Profile: Fashion Industry

The most important thing to realize about the fashion industry is that it changes constantly. Trends and styles come and go with the seasons, so it is necessary for those working in the industry to be adaptable and ready adjust to the latest market demand. Although fashion can be hard to break into, the opportunities are plentiful once you have your foot in the door. Becoming a designer is not the only option; you can make your career in: Marketing, Merchandising, Retail, Buying, Finance, Planning, etc. The one thing these careers all have in common, apart from being based in the fashion industry, is that they require an education. Quite often it is not raw talent, but a detailed understanding of the industry that gets you the job.

If it's design that you're interested in there are a few things to consider. Most fashion experts say that you need both technical training and formal art training to compliment the personal qualities that a designer must also have: integrity, leadership skills, aesthetic and practical ideas, dedication, and ingenuity to name a few. A designer must also have the ability to predict and understand what consumers want even if that differs from what he or she thinks is fashionable. The creativity required to become a designer makes it the most difficult job to land within the industry. However, hard work, a solid background, and determination can get you there. According to most fashion designers, the glories of the career make up for all the difficulties endured obtaining it.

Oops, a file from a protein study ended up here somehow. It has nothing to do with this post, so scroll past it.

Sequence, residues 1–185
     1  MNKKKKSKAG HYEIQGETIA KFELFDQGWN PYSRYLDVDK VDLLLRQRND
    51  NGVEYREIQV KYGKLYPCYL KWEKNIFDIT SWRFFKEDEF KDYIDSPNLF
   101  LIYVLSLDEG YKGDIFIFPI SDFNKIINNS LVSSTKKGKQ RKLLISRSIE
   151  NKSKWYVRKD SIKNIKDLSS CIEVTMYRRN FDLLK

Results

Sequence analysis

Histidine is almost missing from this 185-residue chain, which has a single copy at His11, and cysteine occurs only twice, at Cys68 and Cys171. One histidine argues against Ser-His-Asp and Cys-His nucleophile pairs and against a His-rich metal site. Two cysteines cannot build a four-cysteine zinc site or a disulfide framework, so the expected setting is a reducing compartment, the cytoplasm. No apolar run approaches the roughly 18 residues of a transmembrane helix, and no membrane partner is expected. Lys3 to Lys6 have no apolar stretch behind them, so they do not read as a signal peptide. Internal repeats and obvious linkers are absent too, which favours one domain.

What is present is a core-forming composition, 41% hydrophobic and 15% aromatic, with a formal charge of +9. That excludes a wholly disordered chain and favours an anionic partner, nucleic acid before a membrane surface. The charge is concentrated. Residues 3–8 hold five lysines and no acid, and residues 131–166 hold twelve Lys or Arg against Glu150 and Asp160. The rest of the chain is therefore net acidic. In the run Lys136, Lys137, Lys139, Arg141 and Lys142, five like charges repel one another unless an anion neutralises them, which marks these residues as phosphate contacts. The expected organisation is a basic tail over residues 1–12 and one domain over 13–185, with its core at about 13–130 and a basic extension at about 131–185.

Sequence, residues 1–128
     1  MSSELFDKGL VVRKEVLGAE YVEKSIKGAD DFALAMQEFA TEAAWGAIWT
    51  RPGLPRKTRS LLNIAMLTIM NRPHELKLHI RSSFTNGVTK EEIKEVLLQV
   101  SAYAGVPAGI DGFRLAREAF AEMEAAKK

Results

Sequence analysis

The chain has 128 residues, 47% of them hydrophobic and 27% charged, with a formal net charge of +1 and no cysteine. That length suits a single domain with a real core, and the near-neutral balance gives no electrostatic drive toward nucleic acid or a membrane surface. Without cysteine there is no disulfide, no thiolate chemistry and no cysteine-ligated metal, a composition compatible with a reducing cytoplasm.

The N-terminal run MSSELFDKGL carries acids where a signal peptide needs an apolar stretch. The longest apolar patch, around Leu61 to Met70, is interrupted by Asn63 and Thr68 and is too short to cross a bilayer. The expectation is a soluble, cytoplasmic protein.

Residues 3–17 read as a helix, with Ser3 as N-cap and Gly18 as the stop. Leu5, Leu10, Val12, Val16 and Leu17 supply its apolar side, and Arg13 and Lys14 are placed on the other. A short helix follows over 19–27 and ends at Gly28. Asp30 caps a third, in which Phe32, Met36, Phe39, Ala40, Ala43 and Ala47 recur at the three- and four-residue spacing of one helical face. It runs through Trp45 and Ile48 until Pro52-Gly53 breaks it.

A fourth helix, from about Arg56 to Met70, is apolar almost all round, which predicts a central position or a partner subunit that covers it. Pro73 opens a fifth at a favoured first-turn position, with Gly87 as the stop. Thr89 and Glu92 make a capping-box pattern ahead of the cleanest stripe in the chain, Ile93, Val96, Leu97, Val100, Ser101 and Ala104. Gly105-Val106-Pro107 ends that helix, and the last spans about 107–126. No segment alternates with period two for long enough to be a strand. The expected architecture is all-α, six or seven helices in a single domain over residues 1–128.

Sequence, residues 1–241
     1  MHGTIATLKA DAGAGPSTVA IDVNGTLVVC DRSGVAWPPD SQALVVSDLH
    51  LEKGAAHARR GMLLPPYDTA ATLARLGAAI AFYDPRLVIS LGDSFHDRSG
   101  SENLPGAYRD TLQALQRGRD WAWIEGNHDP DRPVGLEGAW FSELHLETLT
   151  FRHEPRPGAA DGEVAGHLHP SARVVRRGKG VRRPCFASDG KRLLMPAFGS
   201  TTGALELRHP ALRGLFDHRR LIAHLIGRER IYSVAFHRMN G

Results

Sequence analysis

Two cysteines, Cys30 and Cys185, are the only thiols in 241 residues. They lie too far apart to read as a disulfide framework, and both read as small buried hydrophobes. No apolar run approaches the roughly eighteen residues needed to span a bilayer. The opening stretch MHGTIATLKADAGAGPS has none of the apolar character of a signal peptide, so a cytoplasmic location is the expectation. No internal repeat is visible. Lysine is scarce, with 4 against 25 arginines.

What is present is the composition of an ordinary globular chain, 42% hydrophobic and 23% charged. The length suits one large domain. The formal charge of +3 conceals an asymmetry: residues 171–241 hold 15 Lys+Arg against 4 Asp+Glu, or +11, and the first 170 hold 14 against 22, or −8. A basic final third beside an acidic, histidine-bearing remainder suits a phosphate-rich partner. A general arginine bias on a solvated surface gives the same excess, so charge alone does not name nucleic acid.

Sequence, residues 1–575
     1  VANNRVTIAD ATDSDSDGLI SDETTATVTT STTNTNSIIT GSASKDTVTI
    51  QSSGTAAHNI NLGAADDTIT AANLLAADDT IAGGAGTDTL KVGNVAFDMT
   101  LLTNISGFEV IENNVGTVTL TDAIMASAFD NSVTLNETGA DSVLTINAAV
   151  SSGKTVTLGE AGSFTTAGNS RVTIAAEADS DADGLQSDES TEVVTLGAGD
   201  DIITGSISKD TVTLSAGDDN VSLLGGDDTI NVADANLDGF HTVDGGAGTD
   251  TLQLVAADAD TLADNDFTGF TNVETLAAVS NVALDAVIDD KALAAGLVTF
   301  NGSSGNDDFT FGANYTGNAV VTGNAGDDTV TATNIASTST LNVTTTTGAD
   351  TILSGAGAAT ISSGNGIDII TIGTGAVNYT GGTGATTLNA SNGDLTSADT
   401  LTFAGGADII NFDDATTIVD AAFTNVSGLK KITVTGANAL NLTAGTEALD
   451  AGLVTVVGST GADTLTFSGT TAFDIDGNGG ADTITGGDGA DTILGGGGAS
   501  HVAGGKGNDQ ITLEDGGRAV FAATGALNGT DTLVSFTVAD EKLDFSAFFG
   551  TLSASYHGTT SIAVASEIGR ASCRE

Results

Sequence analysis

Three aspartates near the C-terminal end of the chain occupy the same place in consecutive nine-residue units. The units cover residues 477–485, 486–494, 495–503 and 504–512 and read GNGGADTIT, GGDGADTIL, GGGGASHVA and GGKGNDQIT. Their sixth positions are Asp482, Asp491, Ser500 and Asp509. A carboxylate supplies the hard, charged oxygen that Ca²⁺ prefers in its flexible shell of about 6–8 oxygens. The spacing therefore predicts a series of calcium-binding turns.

On the other hand, if you are looking into marketing, merchandising, or any of the other, more administrative careers, you have some different things to think about. Marketing requires decisions about what styles, designs, and articles of clothing should be targeted at what audience (Men or women? Old or young?). You connect the designer to his or her public, get the public interested in the clothing, and convince the public that what you are promoting is indeed that latest trend. A merchandiser has a similar job, but instead of working to gain the interest of the public, a merchandiser is purchasing the designer's clothing line and presenting it in stores. On top of that, the merchandiser is often responsible for creating the "mood" of a store or runway by utilizing different display and lighting techniques.

As you can see by these short descriptions, there are many opportunities within the fashion industry, and many potential careers might not be ones you have considered in the past, such as: trim buyer, pattern maker, sample maker, quality control expert, fashion consultant, personal shopper, etc. Each of these careers, however, require the knowledge and expertise that can only be provided by studying at an accredited school or earning a degree through an accredited program.

 

Schools to consider:

 

 

 
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